Background: Between 2 and 5% of patients undergoing pelvic radiotherapy develop chronic radiation proctopathy, occurring as a result of damage to the rectal mucosa during the treatment. Rectal bleeding of varying severity can occur as a consequence. There have been no formal trials of treatment for haemorrhagic radiation proctopathy and a variety of methods are currently used.
Aim: In a retrospective study of 20 patients treated at a single centre, we assessed the efficacy of small volume topical formalin instillation to control bleeding from radiation proctopathy.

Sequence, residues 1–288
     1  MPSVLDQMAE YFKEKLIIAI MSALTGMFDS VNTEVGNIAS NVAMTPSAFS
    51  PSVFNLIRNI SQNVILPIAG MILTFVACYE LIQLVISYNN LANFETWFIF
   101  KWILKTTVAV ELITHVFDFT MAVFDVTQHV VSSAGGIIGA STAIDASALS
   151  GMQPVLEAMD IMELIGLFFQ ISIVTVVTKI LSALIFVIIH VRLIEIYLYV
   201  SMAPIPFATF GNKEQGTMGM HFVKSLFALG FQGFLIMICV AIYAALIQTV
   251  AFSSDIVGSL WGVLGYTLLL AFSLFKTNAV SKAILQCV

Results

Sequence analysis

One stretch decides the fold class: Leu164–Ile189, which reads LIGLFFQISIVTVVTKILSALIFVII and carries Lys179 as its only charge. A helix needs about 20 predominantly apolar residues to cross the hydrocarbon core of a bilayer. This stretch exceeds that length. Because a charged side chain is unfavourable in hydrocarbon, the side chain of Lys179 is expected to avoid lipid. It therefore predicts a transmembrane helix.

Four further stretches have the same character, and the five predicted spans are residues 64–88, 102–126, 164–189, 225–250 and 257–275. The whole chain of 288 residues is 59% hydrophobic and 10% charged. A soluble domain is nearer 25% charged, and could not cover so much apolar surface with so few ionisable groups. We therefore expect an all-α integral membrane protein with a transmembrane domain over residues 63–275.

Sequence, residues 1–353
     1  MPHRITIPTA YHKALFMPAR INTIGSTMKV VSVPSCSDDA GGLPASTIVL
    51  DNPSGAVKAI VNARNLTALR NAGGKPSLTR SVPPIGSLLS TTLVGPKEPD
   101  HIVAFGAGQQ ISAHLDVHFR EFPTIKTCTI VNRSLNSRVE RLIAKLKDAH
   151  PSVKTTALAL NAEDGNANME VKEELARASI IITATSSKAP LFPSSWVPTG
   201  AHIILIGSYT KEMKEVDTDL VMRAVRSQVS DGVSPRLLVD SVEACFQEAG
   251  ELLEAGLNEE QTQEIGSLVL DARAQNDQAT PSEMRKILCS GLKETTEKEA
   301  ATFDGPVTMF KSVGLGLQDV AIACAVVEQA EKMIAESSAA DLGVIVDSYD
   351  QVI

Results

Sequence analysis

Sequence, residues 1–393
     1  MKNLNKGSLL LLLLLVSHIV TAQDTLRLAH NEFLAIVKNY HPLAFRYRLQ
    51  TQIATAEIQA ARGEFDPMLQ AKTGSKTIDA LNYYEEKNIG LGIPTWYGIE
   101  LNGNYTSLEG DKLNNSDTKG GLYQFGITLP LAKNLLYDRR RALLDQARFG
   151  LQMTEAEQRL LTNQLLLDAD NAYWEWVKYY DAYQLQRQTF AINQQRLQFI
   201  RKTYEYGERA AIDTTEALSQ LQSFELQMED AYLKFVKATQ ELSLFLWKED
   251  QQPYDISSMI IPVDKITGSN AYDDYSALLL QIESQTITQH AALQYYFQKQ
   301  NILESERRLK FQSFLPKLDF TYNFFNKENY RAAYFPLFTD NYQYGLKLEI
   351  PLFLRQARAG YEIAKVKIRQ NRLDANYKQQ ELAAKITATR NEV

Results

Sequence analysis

Method: Patients were treated by a single operator using 20 mL of a 5% solution of formalin instilled into the rectum via a flexible sigmoidoscope for 3 min. Patients were followed up for an average of 22.7 months (range: 2-69).
Results: A single session of formalin treatment was effective in 13 of 20 (65%) patients and a further four (20%) patients responded to a second treatment. No complications of the treatment was identified.
Conclusion: Small volume formalin instillation therapy appears to be safe and effective in the context of haemorrhagic radiation proctopathy. The technique is simple, inexpensive, quick and requires no sedation. We suggest that it should be considered as a first line for patients presenting with this distressing condition.